Originally computers were sold as hard-wired boxes users could program to perform their tasks. The value of prewritten and reusable software quickly became clear, and hardware manufacturers began bundling programs with their systems. Eventually software development became a field of its own, as much a part of computer science as the design and manufacture of the machines. Mathematical software came first. Databases were an early contender in the mainframe software market, arising as processing speed and storage capacity increased. Word-processing became feasible in the 1970s, though it only spread with the PC. Games wereinevitable. Today's computer virus, a tiny pieces of code that spreads from disk to disk and system to system, is the descendant of games in a system at MIT devoted to such processes. Software now makes easier money than hardware, though both require massive amounts of development capital. They play back and forth - as the hardware becomes faster, software developers can add new features and interfaces - as software becomes power-hungry, hardware manufacturers can find a market for ever more powerful computers.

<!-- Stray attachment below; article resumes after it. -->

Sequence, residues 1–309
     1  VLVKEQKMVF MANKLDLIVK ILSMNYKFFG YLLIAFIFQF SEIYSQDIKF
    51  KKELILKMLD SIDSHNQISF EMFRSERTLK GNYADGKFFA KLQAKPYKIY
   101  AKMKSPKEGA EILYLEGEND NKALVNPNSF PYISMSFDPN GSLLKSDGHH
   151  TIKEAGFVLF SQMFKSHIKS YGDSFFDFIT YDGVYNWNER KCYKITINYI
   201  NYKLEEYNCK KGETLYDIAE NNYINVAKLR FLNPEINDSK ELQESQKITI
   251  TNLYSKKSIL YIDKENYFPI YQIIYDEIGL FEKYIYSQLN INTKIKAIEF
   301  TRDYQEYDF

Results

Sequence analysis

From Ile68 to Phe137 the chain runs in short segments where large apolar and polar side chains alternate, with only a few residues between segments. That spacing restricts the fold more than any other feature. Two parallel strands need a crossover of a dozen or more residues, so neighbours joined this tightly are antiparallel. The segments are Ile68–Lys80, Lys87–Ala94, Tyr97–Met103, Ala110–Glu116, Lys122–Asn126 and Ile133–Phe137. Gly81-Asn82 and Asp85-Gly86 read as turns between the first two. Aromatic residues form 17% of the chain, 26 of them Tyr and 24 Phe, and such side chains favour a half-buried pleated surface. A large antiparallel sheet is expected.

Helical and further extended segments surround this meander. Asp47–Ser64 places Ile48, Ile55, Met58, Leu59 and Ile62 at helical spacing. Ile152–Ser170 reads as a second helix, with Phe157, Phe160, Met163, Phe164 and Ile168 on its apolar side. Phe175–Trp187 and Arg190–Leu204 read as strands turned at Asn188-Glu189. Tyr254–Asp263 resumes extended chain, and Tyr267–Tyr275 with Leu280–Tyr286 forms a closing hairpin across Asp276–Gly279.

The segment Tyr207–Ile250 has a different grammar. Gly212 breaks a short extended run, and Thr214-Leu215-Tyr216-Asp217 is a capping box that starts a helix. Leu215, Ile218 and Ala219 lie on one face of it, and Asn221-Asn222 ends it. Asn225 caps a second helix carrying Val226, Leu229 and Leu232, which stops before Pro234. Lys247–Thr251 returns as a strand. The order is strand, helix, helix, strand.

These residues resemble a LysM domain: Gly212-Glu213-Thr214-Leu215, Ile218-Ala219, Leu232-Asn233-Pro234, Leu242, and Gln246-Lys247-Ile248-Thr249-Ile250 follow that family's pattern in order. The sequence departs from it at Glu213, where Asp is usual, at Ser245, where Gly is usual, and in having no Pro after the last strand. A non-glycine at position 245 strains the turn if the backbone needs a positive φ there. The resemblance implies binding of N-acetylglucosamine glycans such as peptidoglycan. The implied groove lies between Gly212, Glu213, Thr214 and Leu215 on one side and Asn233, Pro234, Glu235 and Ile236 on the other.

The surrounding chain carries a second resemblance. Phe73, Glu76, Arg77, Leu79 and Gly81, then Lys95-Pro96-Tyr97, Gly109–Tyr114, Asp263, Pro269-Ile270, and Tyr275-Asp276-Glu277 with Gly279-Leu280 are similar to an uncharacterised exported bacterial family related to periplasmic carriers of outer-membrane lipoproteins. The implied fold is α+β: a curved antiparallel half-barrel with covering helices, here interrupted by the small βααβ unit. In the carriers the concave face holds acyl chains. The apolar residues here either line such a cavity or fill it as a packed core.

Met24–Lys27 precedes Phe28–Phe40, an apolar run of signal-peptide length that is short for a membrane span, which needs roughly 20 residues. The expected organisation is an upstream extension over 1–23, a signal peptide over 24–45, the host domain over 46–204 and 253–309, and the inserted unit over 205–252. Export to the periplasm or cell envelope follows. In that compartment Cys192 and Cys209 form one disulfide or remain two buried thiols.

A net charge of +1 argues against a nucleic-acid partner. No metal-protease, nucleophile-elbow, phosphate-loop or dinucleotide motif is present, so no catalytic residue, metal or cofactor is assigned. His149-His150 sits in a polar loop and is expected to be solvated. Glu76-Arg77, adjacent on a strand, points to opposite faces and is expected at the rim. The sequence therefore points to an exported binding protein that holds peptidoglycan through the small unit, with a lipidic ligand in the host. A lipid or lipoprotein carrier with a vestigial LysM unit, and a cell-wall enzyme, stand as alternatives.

This file created with Hypertype 2.2 by Simon St.Laurent